In February, GOP senators used the “Congressional Review Act” to prove who they work for.
We all know that oil companies are corrupt. We also understand how oil company lobbyists pay for easier trade regulations and restrictions, but Democrats refused to play their game. President Obama provided the Securities and Exchange Commission (SEC) with assistance by several provisions in the foreign payments rule which was mandated by a key provision of the 2010 Dodd-Frank financial reform bill.
The rule, known as the “foreign payment rule”, reduces corruption in countries by detailing income and other payments that are made to governments. In other words, if an oil company provides payment to a foreign entity, it must provide documentation. It gives the U.S. and its investors the ability to monitor every penny that is distributed.
The “foreign payment rule” has been challenged in U.S. Courts but the SEC is not backing down.
The approval for oil corruption was followed by a vote against the Interior Department’s stream-protection rule for coal mining.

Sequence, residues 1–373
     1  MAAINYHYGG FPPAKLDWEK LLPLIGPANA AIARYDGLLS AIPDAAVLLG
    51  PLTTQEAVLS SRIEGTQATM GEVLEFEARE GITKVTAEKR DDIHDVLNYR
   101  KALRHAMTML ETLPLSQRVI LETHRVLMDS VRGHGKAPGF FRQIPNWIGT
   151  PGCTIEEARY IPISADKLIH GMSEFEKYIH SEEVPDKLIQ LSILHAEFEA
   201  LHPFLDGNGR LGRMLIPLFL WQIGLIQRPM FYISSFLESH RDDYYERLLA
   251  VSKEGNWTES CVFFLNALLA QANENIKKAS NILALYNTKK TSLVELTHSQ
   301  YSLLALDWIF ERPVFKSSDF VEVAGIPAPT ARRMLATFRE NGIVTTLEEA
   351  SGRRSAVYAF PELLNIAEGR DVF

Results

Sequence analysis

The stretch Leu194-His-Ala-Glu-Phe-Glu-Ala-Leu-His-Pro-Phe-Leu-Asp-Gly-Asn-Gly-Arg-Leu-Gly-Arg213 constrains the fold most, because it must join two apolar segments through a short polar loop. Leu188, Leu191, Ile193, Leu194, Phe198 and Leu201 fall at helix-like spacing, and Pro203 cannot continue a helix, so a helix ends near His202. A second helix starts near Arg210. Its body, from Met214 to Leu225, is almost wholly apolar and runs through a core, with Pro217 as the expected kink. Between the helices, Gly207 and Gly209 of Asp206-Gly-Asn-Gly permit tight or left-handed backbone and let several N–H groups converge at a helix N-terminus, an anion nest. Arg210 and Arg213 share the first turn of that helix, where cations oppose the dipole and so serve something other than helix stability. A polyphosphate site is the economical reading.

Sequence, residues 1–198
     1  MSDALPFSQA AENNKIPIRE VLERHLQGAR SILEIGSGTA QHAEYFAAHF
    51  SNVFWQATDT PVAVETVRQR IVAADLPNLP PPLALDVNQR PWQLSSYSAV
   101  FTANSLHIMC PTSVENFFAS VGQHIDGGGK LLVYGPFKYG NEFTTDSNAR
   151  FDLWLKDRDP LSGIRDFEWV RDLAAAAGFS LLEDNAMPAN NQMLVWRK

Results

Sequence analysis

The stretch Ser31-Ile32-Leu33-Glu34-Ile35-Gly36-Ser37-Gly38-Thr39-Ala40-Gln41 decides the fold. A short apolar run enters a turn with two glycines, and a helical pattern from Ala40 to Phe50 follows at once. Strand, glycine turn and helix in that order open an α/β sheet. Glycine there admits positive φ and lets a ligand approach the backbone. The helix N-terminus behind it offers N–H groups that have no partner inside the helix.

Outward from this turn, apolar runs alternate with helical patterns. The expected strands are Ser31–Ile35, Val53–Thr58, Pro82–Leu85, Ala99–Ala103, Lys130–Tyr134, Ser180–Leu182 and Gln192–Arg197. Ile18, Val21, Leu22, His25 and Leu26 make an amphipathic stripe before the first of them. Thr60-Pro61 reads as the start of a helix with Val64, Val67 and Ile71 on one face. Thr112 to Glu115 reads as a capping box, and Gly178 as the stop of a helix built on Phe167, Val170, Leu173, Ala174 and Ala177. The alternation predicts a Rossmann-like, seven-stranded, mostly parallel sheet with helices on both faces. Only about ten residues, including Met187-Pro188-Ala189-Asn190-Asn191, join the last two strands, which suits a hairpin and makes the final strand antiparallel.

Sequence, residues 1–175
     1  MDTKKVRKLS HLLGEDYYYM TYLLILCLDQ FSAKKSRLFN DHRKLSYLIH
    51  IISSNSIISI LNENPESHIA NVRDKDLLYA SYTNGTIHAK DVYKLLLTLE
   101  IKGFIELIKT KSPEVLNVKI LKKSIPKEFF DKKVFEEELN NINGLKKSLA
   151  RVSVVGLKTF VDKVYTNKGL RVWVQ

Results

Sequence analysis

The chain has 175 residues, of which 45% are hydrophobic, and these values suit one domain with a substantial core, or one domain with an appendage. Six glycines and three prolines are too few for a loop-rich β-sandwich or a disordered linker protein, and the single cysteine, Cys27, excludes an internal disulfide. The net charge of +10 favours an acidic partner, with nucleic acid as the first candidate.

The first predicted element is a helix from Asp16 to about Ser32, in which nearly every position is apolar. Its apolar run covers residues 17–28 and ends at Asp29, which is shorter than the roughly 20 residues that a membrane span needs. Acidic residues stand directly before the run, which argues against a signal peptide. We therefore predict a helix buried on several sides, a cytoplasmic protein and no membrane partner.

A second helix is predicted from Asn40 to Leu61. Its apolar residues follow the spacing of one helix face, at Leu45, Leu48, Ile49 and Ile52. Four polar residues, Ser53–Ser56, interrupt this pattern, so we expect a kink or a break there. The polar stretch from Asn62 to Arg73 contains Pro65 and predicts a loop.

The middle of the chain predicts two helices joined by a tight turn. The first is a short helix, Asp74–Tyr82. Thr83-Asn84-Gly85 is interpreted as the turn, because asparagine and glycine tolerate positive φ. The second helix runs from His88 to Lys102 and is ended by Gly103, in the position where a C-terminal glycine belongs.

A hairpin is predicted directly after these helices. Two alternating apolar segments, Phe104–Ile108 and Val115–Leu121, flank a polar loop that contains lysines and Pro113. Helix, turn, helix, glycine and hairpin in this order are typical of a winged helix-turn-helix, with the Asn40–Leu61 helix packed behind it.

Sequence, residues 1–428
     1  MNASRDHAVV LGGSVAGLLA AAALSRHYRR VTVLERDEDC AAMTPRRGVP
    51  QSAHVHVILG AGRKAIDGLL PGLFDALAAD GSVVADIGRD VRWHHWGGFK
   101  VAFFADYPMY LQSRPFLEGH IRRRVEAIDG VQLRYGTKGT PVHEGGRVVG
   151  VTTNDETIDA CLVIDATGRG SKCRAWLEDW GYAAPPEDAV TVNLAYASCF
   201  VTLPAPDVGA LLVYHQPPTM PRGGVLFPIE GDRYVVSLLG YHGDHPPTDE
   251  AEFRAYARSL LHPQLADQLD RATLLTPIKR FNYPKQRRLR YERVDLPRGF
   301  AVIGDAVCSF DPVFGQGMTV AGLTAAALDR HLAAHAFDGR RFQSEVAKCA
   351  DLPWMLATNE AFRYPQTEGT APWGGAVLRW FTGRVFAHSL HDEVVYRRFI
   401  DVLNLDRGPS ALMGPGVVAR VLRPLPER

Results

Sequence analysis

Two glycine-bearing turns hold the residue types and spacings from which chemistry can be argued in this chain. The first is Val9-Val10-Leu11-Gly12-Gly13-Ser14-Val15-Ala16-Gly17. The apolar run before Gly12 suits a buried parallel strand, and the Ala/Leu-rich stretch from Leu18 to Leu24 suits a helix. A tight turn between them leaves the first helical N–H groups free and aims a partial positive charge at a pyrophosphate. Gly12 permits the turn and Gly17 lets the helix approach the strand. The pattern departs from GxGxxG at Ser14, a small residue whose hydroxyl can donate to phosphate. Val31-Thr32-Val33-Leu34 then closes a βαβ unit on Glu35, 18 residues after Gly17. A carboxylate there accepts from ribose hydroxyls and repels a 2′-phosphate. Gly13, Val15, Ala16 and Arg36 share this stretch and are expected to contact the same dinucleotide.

Ohio Senator Sherrod Brown said:
The rule they’re trying to repeal protects U.S. citizens and investors from having millions of their dollars vanished into the pockets of corrupt foreign oligarchs…This kind of transparency is essential to combating waste, fraud, corruption and mismanagement.”
This fails to surprise us as we have seen the power of oil companies in our government when Rex Tillerson, prior executive of Exxon, was nominated by Trump as his Secretary of State.
Senate Banking Committee Chairman Mike Crapo (R-Idaho) defended his positions that research failed to show a strong connection between transparency and improving the lives of citizens in countries where mineral extraction revenues fuel government corruption. Of course, they failed to prove it! The failure to prove it means it is doing what is meant to, Sherlock.
The measure passed 52-47.
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